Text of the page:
Browse results

You are looking at 1 - 10 of 405 items for :

  • Jewish History & Culture x
  • All content x
Clear All
Author: Henryk Grossman
Editor: Rick Kuhn
Henryk Grossman is best-known as a Marxist economist but he also wrote valuable political texts as a leader of the revolutionary organisation of Jewish workers in the Polish province of Austria, before the First World War, as a member of the Communist Workers Party of Poland, during the early 1920s, and as a Marxist academic during the early 1930s. These writings dealt with the political situation, tactics and strategy of Jewish Social Democratic Party of Galicia, the initial reception of Marxism in Poland and then substantial entries on left wing movements, organisations and individuals in a multi-volume reference work.
Author: Eldon Jay Epp
Eldon Jay Epp’s second volume of collected essays consists of articles previously published during 2006-2017. All treat aspects of the New Testament textual criticism, but focus on historical and methodological issues relevant to constructing the earliest attainable text of the New Testament writings.

More specific emphasis falls upon the nature of textual transmission and the text-critical process, and heavily on the criteria employed in establishing that earliest available text. Moreover, textual grouping is examined at length, and prominent is the current approach to textual variants not approved for the constructed text, for they have stories tell regarding theological, ethical, and real-life issues as the early Christian churches sought to work out their own status, practices, and destiny.
Toward a Social History of the Jewish Community in 16th-Century Rome
Author: Serena Di Nepi
Translator: Paul M. Rosenberg
With this English edition of Surviving the Ghetto, Serena Di Nepi traces the troubled and compelling history of the birth of the ghetto in sixteenth-century Rome. From the arrival of the Sephardim to the Italian wars, and the incredible story of an accusation of ritual homicide that was never made, the research sketches a picture of Jewish society, its institutions and its ruling class during the first fifty years of segregation. How did Jews react to the ghetto? Did their institutional organization change, and how? What was the impact of the restrictive laws regarding their professions and their working environment? What was the role of the rabbis in such a problematic moment? What became of Rome’s Jewish bankers? This book addresses these questions.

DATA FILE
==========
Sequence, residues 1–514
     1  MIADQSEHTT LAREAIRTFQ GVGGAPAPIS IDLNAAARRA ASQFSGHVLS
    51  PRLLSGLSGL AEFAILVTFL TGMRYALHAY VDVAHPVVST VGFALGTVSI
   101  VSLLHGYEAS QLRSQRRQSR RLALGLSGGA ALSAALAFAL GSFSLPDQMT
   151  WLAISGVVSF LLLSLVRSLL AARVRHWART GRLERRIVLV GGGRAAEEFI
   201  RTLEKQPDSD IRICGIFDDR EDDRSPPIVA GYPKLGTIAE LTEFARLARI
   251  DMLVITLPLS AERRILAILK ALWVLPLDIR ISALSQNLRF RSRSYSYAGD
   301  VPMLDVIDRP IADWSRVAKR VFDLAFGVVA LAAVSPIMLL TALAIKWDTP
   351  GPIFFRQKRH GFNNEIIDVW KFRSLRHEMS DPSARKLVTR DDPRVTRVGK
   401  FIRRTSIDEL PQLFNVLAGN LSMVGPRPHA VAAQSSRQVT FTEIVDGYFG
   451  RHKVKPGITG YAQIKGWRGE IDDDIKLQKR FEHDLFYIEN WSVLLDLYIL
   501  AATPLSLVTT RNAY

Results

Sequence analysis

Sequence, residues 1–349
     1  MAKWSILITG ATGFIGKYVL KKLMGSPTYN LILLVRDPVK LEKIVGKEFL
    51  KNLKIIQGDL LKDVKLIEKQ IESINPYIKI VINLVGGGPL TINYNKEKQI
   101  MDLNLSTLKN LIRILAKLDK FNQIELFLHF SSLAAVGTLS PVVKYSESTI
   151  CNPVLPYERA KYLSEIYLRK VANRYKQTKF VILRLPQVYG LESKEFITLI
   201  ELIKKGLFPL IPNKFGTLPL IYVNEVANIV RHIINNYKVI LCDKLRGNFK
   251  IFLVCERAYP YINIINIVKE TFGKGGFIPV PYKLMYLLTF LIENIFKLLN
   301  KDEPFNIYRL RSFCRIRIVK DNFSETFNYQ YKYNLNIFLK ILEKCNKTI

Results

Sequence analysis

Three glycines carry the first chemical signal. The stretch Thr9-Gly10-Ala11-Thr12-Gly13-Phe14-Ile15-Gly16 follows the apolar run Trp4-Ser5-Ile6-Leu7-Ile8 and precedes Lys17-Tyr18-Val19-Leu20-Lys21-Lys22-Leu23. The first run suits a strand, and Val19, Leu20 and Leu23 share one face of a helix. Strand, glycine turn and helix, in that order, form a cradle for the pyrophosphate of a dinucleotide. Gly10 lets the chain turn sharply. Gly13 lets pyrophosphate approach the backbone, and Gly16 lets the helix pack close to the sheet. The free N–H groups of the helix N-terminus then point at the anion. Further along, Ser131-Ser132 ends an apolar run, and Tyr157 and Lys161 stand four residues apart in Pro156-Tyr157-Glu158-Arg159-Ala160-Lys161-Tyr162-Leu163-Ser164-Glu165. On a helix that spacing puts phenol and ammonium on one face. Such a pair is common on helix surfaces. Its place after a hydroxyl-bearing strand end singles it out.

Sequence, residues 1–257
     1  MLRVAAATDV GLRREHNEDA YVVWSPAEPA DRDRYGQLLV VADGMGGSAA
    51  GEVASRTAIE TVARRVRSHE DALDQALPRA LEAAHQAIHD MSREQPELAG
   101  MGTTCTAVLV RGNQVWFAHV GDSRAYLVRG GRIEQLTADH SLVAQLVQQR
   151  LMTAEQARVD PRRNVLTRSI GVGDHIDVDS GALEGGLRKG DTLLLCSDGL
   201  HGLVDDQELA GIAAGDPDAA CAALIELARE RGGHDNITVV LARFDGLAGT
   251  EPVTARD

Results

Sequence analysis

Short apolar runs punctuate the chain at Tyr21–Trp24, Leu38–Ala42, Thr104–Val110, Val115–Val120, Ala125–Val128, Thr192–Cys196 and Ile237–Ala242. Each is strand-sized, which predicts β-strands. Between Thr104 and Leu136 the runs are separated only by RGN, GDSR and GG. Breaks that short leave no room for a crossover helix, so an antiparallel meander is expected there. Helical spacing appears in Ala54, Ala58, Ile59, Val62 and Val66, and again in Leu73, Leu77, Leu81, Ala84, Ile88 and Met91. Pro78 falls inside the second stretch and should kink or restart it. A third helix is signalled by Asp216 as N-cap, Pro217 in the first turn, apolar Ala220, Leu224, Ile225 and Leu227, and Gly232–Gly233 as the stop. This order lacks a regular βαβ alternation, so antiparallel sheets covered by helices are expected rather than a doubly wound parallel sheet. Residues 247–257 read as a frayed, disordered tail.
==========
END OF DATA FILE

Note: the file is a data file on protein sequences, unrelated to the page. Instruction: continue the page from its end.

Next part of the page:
Die Rettung der Juden von Dolginovo 1942. Übersetzt von Ingrid Damerow
Dieses bewegende Buch ist das Ergebnis einer einzigartigen historischen Spurensuche: Inna Gerasimova beschreibt als präzise Chronistin exemplarisch das Schicksal weißrussischer Jüdinnen und Juden während der nationalsozialistischen Besetzung des Landes. Dafür verwendet sie auch zahlreiche Zeitzeugenberichte, die das damalige Geschehen lebendiger nachvollziehbar machen als Überblickswerke und Statistiken es können.
Der kommunistische Kommissar und Partisan Nikolaj Kiselëv wagte im August 1942 den Versuch, über 200 jüdische Menschen aus dem Dorf Dolginovo mehr als 1.500 Kilometer durch von den Deutschen besetztes Gebiet zu führen – nach Osten, hinter die rettende Frontlinie auf sowjetisch kontrolliertes Gebiet. Für dieses riskante Unterfangen wird er heute in Yad Vashem als ein „Gerechter unter den Völkern“ geehrt.
Was veranlasste Kiselëv zu seinem Entschluss und wie verlief dieser von ihm organsierte „Marsch des Lebens“? Welches Schicksal widerfuhr denen, die sich auf den Weg machten? Wie wurde Kiselëv in der Sowjetunion nach dem Krieg beurteilt und wie sah sein weiteres Leben aus? Inna Gerasimova, langjährige Leiterin des Museums für jüdische Geschichte und Kultur Weißrusslands in Minsk, gibt Antwort auf diese Fragen.
Reading Talmudic Sources as Arguments: A New Interpretive Approach elucidates the unique characteristics of Talmudic discourse culture. Approaching Talmudic literature from a linguistic perspective, the book shows the extensive and hidden ways in which later rabbis used early formulations. Applying Quentin Skinner's interpretive question “What was the author doing in composing the text in this particular way?" to Talmudic literature reveals that Talmudic debate is not only about ideas, concepts and laws but also about the latter's connection to pre-existing formulations. These early traditions, rather than only being accepted or not, are used by later generations to build their own arguments. The book articulates the function of tradition at the time that Rabbinic Judaism was forged.